Facts about a finger joint replacement include that doctors most frequently perform this procedure on the second joint from the fingertip, states MedicineNet. The joint closest to the fingertip is not a good candidate for this procedure because the bones are small and don't adequately keep the implant in place.
The need for replacement of the third joint from the fingertip mainly arises when rheumatoid arthritis destroys this joint, notes MedicineNet. The most common implants to replace the second and third joints from the fingertip are made of silicone.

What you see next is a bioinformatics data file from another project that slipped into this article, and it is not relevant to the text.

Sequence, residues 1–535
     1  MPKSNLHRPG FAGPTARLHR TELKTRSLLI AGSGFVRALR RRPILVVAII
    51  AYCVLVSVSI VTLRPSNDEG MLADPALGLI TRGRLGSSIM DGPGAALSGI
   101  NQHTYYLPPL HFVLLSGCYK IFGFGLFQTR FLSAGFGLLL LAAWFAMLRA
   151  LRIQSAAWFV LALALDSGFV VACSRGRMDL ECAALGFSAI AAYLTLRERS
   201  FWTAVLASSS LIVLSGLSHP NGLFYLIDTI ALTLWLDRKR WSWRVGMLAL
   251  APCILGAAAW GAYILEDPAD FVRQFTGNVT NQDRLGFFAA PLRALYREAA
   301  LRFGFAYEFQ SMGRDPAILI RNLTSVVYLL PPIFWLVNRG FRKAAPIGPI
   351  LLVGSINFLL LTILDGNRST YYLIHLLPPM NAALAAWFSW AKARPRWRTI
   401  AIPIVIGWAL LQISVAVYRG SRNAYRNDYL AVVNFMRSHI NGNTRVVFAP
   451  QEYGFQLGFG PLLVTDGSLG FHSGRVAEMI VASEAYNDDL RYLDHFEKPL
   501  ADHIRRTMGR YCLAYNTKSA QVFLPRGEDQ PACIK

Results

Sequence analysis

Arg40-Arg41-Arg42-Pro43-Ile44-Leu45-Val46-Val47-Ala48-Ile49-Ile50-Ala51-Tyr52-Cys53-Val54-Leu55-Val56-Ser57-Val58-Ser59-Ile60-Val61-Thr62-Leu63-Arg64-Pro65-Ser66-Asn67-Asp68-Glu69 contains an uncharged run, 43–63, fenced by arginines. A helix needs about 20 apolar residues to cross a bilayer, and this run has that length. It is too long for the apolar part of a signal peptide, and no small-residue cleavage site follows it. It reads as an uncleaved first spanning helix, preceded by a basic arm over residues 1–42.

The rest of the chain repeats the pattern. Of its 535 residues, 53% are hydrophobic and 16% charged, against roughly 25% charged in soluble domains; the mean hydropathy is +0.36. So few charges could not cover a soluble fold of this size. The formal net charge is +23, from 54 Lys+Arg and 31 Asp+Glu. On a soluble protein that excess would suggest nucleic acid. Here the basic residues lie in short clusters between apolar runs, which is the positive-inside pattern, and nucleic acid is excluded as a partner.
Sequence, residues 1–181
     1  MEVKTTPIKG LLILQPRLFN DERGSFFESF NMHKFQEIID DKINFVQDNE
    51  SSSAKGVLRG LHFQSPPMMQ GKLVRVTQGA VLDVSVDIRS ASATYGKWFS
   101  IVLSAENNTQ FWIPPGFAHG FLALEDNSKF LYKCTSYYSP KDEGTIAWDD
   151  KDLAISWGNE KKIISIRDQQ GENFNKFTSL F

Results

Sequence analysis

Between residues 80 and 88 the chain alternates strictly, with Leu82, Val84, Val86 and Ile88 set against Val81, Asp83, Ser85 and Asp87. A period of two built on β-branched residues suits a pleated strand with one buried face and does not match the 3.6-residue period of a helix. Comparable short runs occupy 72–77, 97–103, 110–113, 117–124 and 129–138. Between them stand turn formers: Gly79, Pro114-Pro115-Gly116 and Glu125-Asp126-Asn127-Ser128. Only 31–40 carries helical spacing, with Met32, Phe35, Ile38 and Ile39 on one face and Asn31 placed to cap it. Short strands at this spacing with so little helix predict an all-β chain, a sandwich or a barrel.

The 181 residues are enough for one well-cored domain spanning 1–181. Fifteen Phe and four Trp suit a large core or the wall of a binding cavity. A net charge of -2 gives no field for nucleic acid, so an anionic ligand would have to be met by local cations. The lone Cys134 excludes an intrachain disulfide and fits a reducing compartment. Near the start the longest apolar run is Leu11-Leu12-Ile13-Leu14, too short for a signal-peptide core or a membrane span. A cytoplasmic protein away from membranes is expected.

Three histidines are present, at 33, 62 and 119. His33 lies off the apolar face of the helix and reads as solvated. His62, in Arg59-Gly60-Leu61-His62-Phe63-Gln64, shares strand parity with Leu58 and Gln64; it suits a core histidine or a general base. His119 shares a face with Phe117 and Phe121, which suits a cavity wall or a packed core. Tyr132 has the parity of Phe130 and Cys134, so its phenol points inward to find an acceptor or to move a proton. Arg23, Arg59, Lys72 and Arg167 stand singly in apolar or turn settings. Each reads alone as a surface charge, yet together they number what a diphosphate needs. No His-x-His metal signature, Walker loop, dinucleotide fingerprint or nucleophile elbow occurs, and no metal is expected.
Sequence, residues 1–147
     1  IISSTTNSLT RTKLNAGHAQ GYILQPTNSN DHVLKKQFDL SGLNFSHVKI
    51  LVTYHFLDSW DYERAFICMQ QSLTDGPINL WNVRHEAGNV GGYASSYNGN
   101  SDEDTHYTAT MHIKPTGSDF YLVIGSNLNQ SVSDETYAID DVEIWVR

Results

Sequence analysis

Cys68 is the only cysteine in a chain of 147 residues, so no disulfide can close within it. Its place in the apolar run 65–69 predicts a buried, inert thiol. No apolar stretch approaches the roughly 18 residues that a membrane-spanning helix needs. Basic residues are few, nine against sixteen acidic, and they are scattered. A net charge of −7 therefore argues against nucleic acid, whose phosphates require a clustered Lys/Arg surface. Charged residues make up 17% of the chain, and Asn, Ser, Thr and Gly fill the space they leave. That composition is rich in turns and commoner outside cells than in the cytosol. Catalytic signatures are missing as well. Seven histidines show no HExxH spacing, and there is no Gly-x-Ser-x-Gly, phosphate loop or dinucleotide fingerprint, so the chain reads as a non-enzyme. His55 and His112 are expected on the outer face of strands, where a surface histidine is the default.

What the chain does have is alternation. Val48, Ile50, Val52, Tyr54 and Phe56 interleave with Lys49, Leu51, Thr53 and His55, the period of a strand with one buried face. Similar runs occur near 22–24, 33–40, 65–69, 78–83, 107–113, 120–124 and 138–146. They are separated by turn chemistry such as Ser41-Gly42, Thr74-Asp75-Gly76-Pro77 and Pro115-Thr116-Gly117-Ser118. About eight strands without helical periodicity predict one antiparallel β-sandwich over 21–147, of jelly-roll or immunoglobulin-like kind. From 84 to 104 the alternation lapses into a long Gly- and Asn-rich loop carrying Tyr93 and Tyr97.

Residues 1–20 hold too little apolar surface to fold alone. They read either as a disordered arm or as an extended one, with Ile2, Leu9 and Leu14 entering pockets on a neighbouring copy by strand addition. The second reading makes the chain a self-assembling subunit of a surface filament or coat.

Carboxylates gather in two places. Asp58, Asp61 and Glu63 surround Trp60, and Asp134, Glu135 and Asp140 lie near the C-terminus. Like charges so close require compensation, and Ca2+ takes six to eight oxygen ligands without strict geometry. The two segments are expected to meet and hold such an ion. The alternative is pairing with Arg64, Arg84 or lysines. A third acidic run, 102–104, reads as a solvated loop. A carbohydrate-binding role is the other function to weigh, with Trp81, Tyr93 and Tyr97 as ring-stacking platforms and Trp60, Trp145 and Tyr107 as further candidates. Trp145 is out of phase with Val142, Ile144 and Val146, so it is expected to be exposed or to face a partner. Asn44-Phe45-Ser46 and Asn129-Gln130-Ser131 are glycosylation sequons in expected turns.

Following finger joint replacement, patients must undergo therapy to strengthen the joint and improve mobility, according to About.com. This often takes several months. Infection, injury to nerves, joint instability, and loosening or wearing out of the implant are some risks involved in finger joint surgery.